Overloaded vehicles are dangerous
Overloaded vehicles pose serious dangers to their drivers and other road users – the goods they carry may topple over and be lost on the road and drivers may lose control of their vehicles –leading to accidents. Overloaded vehicles also cause massive damage to South Africa’s road infrastructure each year: in 2007, it was estimated that overloaded trucks cost the economy up to R800-million a year.
Because an earlier TRAC survey indicated that more than 32% of vehicles on the N4 was overloaded, it agreed with the South African National Roads Agency (SANRAL) to limit the loss of infrastructure, at the very least, by introducing nineteen weigh bridges along the route. Of these, seventeen are in South Africa and two in Mozambique. Although the government provided the money to construct these weighing stations, or load control centresare part of TRAC’s management responsibility. Together with provincial and local governments, including more than 120 full-time traffic officers in Gauteng and Mpumalanga who are dedicated to monitoring this critical element, TRAC has made significant inroads in reducing the number of overloaded trucks on the road. Fines of more than R100-million have been issuedand of the 9% of overloaded vehicles on the N4, less than 3% is illegally overloaded.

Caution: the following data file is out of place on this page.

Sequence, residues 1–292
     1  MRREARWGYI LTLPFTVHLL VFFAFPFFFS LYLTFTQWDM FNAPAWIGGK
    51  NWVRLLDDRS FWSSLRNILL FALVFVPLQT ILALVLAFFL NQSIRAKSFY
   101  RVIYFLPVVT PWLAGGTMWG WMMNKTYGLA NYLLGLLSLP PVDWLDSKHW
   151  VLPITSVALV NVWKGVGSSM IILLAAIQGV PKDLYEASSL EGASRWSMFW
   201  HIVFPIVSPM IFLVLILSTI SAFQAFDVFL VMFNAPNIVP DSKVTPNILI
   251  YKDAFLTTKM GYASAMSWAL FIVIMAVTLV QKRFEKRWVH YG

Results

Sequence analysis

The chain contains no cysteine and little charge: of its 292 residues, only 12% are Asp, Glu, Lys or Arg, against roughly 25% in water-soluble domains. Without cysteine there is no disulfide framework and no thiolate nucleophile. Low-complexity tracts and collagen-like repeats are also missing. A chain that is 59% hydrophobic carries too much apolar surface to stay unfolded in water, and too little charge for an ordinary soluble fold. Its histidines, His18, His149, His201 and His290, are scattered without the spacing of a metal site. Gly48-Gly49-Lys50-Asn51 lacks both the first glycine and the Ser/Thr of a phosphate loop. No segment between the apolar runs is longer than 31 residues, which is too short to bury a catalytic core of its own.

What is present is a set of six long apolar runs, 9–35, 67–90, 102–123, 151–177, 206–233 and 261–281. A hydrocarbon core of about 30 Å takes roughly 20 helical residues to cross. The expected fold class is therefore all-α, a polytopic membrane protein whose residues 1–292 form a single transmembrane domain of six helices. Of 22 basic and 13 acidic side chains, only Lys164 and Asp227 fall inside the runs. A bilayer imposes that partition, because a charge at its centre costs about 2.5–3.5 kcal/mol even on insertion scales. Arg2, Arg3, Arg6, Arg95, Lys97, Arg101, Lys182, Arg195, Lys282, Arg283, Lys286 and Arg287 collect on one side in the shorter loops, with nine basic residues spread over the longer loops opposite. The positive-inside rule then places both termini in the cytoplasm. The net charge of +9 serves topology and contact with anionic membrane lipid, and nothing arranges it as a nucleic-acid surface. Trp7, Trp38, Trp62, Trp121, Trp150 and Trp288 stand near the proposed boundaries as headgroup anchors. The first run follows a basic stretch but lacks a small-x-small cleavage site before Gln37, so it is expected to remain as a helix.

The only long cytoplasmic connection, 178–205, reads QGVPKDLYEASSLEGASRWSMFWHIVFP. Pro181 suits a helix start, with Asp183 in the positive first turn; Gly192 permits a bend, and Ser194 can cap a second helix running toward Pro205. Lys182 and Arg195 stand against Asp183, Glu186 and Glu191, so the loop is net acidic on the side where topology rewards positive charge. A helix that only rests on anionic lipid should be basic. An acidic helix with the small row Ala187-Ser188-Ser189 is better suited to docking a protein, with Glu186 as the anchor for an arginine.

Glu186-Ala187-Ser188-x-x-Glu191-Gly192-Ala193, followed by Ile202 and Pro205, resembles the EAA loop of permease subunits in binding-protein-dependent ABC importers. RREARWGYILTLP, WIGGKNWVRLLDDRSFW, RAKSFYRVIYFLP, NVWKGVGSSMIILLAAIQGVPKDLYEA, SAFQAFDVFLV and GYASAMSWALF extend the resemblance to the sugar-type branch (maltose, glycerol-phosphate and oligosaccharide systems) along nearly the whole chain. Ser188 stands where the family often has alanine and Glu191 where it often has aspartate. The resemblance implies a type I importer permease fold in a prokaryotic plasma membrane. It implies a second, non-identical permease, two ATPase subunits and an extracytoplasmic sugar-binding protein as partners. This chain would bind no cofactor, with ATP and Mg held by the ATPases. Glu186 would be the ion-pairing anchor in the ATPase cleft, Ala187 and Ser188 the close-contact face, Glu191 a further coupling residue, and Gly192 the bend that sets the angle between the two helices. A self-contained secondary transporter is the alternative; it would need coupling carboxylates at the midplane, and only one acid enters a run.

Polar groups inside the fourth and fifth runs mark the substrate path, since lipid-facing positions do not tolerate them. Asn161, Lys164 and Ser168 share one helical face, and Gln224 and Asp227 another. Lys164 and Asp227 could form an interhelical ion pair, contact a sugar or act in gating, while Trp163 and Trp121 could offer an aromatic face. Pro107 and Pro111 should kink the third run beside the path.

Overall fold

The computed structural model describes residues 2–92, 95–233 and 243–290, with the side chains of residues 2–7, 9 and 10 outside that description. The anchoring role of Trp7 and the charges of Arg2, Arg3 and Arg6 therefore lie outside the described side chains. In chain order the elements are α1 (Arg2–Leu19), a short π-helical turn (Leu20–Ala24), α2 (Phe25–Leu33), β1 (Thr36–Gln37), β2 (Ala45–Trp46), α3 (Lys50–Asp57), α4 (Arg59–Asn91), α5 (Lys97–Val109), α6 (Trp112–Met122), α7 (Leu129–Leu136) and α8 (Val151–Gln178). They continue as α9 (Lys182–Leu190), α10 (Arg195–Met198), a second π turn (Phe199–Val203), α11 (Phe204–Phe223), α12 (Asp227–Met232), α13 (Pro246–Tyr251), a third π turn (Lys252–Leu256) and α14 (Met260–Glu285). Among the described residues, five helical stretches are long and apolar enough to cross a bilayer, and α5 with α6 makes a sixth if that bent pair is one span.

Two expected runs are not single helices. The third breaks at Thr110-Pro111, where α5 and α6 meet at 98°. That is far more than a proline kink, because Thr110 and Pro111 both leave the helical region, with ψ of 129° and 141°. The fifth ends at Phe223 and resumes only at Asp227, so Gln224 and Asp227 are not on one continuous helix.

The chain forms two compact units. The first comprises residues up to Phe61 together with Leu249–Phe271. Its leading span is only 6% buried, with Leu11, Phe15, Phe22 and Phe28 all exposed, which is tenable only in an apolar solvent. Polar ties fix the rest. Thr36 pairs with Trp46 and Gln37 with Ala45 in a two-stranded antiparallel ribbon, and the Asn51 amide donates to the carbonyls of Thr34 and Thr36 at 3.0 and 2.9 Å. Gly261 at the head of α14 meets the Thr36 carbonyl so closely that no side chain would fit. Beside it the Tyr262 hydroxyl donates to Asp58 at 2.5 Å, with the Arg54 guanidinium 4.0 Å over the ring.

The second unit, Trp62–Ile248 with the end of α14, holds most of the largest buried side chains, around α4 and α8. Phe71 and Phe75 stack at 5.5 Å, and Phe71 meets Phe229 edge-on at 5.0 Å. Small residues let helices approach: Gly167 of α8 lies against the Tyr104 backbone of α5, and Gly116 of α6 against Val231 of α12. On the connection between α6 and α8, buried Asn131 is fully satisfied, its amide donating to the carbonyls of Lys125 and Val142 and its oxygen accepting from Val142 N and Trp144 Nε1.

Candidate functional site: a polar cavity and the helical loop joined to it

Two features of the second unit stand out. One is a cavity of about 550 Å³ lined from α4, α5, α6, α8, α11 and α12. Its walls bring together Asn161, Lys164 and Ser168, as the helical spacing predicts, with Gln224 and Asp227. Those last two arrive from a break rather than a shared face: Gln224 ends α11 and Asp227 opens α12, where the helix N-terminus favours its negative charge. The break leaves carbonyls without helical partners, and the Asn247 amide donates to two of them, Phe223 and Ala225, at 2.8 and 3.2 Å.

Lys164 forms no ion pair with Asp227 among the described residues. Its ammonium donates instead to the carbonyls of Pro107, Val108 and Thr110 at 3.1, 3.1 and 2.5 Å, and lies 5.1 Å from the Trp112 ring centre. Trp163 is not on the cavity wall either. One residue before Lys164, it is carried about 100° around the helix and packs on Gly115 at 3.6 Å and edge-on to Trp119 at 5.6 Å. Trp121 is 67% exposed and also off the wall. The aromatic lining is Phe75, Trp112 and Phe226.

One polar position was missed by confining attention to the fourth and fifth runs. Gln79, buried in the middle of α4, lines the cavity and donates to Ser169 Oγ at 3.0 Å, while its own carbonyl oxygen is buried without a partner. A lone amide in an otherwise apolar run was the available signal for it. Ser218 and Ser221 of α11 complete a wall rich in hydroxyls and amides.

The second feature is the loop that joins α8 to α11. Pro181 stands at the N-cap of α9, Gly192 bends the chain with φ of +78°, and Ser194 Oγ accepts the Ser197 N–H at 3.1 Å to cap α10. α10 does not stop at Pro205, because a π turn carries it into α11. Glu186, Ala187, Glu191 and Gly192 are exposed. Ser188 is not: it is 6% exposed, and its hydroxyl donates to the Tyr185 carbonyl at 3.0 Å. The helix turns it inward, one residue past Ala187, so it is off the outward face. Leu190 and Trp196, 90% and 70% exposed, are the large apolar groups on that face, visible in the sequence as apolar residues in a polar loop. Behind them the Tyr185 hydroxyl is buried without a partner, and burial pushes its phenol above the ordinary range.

- Overloaded vehicles cause damage to the road surface by a factor that grows exponentially as the load increases on a national road
- Damage to roads because of overloading leads to higher maintenance and repair costs;
- Shortens the life of a road, which in turn places an additional burden on the state as well as law abiding road users, who ultimately carry the costs
- Overloaded vehicles are dangerous because they require longer distances to brake before coming to a stop
- They generate high centrifugal forces in corners and shifting loads or loss of tyre grip becomes an instant safety risk
- They have a reduced tyre life, which increases the risk of blow-outs and reduces the driver’s control over the vehicle, escalating the chances for an accident